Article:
It’s fairly trendy to be a geek nowadays.
There are all sorts of infographics on the web, explaining how people can tell if they’re a geek, nerd or dork. There’s even a web-wide scandal (sometimes I wonder what people in 1999 would think of us…) as to whether hot girls dressed in cosplay are to be considered fake geek girls.
I’m not planning on participating in that particular conversation, except to say that as someone who started wearing coke-bottle glasses at the age of four, was so socially inept that I hid under my desk in the fifth grade to avoid dealing with unwanted attention, and used my free periods in high school to hang out in the language lab, I feel that I’m entitled to be at least somewhere on one of those Venn diagrams, though if I’ve achieved the nirvana of geek or if I’m to be relegated to dork-dom is yet to be decided.
I’m getting to a point soon… I swear. But first, I’d like to tell you a story about the aforementioned language lab.
When I was at boarding school, we had a language lab where people in lower-level language classes had to go to watch videos and do interactive activities for homework. It was in the basement of the language building, and it was one of a selection of places — including the music building, library and computer labs — that we were allowed to be signed into during study periods in the evenings. Starting in my junior year, I added a second foreign language — Spanish — to my schedule, and so I began frequenting the language lab to watch episodes of Destinos.
But when my Destinos-watching was over, I started venturing into other folders with other language titles, including — of course — the French one. The beginners French classes were using French in Action, a delightfully 80s series of videos, whereby a man in a turtleneck and a blazer sits at a desk, and he and his classroom of adult students make up a story about French people in Paris. It’s because of videos like this that I was convinced that all French teenagers hang out at cafés all day long, which, in my experience, they have neither the time nor the money to do.
In the first French in Action episode, the man at the desk tells us that bonjour doesn’t mean hello. This startling piece of news was surely a surprise for me, who had by then been studying French for nearly eight years and who may have had a few issues when deciding whether to use the passé composé or the imparfait but who was convinced beyond a doubt that bonjour did, indeed, mean hello. But I kept watching, and I finally understood what he meant, which is, essentially, that translation is a futile exercise. The words that we have in one language don’t necessarily have an equivalent in another.
Yes, bonjour kind of means hello. But as I lunched with the Law Professor last week, and he detailed his recent trip to San Francisco, he expressed surprise at how many of the locals were asking after his well-being. People he had never met before. After some time, we came to the conclusion that English’s “Hello, how are you?” is the equivalent of France’s “Bonjour,” a conclusion I wonder if the turtleneck-man behind the desk would be content with as well.
It all comes down to the fact that cross-culturally, everything is different, right down to the simplest of simple things: greetings. We don’t notice much of it — perhaps because we’re constantly seeking to understand and make ourselves understood. We’re willing to overlook minute differences between simple words in different languages, but the truth of the matter is, “How are you?” is a phrase much more frequently said in English than in French, and “bonjour” doesn’t mean “hello.”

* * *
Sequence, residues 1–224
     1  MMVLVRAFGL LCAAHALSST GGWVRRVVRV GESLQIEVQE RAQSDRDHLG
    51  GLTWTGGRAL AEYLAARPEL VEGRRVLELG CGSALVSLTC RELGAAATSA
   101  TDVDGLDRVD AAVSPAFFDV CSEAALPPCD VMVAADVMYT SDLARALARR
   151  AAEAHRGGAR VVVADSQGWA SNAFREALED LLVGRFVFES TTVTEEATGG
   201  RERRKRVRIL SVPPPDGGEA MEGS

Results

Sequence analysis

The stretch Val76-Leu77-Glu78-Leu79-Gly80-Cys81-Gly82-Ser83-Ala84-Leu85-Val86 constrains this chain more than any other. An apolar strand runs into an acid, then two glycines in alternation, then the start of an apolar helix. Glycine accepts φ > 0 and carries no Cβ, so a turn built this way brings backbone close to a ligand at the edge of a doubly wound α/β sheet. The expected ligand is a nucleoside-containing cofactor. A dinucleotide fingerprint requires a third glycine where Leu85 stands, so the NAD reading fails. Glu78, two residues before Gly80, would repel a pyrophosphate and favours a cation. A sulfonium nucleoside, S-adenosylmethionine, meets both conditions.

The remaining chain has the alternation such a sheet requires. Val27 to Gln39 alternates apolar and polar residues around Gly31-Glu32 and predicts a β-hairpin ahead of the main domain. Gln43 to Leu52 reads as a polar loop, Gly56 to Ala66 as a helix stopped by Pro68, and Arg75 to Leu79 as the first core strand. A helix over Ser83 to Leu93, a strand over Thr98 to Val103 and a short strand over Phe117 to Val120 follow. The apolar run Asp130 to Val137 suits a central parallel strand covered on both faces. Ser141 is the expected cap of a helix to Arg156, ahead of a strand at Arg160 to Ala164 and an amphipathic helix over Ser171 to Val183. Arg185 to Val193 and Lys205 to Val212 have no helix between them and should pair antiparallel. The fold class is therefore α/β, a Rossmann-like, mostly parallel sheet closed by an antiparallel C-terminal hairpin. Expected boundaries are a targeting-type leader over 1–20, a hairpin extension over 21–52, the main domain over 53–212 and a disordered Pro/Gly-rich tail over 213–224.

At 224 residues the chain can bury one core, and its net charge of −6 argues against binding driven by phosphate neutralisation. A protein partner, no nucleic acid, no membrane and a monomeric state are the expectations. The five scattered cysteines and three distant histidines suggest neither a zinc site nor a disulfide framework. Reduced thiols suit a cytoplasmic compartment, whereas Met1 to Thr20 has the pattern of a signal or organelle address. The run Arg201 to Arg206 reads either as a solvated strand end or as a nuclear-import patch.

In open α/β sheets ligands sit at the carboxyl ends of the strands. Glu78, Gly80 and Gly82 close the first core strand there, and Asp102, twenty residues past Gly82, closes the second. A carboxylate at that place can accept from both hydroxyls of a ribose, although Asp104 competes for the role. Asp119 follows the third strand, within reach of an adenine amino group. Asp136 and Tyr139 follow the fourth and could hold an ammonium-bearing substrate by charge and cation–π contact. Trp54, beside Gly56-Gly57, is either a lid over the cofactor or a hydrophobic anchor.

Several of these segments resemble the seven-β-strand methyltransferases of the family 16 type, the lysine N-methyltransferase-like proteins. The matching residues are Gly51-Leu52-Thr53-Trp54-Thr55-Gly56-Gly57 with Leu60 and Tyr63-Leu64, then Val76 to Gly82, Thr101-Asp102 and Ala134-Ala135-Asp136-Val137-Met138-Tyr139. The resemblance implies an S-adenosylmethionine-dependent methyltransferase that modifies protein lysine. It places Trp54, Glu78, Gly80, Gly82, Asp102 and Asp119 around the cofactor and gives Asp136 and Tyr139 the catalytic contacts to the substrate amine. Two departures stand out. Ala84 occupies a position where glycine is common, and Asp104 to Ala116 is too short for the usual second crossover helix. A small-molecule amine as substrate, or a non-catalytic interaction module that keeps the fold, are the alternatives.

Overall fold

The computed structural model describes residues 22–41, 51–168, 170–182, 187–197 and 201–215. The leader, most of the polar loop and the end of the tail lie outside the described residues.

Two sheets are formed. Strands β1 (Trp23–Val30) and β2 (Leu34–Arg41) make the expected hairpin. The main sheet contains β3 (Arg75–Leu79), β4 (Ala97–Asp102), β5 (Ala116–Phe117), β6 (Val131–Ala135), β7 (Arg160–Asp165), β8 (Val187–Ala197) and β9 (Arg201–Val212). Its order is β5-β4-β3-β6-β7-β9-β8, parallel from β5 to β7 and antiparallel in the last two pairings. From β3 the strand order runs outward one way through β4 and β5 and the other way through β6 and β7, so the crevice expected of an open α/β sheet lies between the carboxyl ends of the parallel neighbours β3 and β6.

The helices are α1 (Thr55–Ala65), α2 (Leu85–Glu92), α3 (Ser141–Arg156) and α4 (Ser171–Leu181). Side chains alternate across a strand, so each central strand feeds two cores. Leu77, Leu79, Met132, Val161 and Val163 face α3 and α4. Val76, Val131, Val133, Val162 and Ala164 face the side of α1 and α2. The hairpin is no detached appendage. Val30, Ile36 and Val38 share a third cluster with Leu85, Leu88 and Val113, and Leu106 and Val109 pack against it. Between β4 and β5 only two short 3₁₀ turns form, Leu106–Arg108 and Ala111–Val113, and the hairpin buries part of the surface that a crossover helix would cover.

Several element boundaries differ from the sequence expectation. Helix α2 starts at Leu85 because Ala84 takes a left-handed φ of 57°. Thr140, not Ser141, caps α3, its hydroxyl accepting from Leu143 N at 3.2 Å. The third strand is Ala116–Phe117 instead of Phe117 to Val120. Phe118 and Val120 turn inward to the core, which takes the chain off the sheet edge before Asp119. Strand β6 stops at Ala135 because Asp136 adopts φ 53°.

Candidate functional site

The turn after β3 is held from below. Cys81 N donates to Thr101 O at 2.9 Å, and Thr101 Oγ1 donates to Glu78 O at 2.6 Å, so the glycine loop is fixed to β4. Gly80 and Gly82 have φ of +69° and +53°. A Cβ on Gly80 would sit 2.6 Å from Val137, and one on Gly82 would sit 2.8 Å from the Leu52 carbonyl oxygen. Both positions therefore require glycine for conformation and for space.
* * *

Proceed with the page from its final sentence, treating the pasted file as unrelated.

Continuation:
Even a concept as simple as soup doesn’t merit a direct translation between the two languages, not even when there’s a word in French — soupe – that looks mysteriously like soup. When I first told the Country Boy that I was planning soup for dinner and served up a bowl of chunky minestrone, he was perplexed. Here, soup is always puréed and creamy; Campbell’s Chunky Soups wouldn’t do so well at Monoprix. That being said, I like the boxed soups you get at the grocery store here for a quick dinner. I make bread dough the night before and pop it in the oven when I get home from work. Heat up a bowl of soup, and dinner’s ready. Bon appétit.
Yeasted Dark Beer Bread (based off an original recipe first published by Food Loves Beer Magazine)
1 tablespoon dry active yeast
1 scant tablespoon sugar
¼ cup warm water
12 ounces dark beer, lukewarm
3 ½ cups all-purpose flour
2 teaspoons salt
2 tablespoons butter, melted
In a wide bowl, sprinkle the yeast and sugar over the water. Leave in a warm place for about 15 minutes, until the yeast foams and triples in size. Add to the beer and stir to combine.
In a large bowl, sift the flour. Make a well and add the liquid ingredients. With a wooden spoon, stir to combine the wet and dry ingredients. Turn out onto a lightly floured surface. Knead 15 to 20 minutes, until you have a smooth, pliable dough. Flatten the dough and sprinkle the salt over it. Knead the salt in for at least 10 turns.
Grease a bowl with the melted butter. Form a dough ball, and roll it in the butter until it is well-coated. Cover loosely with a piece of plastic wrap, then cover with a kitchen towel. Leave in a warm place until the dough has doubled in size, about 90 minutes. Punch the dough down and cover securely with plastic wrap. Refrigerate overnight.
When you’re ready to bake, remove the dough from the refrigerator and form a loaf in a loaf pan. Allow the dough to reach room temperature and double in size – about 1 to 2 hours, depending on how cold your refrigerator is and how warm the room is. To speed up the process, place it near a preheated oven, set to 450 F.
When the dough is ready, bake it at 450 F for 30 minutes, until the loaf sounds hollow when tapped. Allow to cool before slicing.